Tuesday, October 28, 2014
Sometimes, as an author, you need something unusual to inflict your character with so this week I thought I'd focus on two injuries that can be unique to mass casualty incidents.
overwhelm equipment and personnel by the number casualties. It's not necessarily the same for every organization. If a rural EMS crew comes upon a three-car accident with three patients-- that might be a mass casualty incident for them but this same accident happening in downtown New York would not be.
Often times, when we think of mass casualty incidents, we recall the big things like tornadoes, earthquakes and terrorist attacks (bombings, nerve gas release) and school shootings.
For this post I'm focusing on a unique infection related to Acts of God weather events and next post I'll do an injury related to bombings.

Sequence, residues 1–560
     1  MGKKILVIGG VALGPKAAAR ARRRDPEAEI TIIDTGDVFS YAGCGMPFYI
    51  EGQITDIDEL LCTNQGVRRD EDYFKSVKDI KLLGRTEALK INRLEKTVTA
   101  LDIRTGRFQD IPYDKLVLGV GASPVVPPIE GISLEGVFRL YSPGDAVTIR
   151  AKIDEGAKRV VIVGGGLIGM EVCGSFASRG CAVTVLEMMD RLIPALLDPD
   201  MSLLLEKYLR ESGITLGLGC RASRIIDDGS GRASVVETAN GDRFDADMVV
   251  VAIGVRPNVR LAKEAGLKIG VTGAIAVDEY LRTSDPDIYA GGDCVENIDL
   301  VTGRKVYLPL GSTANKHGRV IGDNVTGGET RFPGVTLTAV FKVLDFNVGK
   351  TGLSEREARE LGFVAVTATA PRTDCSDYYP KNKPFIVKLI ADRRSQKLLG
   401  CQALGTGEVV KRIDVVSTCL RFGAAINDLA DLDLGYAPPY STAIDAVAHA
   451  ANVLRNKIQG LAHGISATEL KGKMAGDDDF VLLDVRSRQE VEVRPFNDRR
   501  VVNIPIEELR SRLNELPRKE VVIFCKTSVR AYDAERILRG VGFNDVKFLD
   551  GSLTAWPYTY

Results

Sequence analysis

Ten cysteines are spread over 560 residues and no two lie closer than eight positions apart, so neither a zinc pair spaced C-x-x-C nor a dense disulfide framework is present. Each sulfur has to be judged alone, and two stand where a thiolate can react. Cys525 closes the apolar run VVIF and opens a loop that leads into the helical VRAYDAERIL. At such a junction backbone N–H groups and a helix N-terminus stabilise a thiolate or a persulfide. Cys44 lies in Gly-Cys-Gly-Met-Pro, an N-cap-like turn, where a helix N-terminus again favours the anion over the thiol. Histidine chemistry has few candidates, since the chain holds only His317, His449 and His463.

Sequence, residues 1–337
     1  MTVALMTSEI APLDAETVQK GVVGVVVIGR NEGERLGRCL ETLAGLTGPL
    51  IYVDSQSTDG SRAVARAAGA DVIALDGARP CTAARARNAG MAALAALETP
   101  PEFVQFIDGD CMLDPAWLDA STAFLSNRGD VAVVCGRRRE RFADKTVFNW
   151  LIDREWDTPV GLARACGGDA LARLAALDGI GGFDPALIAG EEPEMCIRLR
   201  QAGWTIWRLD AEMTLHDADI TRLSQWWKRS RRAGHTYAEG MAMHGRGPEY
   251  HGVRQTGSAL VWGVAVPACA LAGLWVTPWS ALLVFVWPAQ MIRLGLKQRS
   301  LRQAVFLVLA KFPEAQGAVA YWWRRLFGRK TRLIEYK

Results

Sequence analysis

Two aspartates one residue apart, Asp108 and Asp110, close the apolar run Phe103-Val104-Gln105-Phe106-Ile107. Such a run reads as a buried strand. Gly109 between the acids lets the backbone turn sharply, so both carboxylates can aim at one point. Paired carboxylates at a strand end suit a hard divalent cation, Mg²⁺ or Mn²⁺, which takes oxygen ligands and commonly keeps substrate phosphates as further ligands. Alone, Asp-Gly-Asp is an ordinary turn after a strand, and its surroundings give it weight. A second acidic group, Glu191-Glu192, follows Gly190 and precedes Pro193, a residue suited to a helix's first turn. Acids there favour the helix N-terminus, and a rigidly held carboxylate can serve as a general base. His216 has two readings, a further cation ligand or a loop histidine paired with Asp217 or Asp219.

Mucormycosis is a soil fungus that comes out to play when it is dredged up from the earth with events like flooding and tornadoes. Usually a person comes into contact with the fungus via an impaled object. It is a necrotizing bug (meaning is devours flesh) so aggressive debridement and treatment with broad spectrum antibiotics and antifungals is necessary.
After the Joplin, MO tornado in 2011-- thirteen cases were identified of which five (38%) died. Most had accompanying fractures. Interesting to note is that all the patients were located in the zone that sustained the most damage. Infection was associated with penetrating trauma and multiple wounds. You can read further about this rare infection by reading this piece as well.
What also could have contributed to the number of infections was the devastation to the medical system that happened during the tornado as well. The main hospital was damaged and several off-site clinics were set-up so the above news piece surmises that wounds may not have been adequately treated (which would be serious irrigation.) This is understandable considering what the town was dealing with.
What about you? Have you ever been in a natural disaster?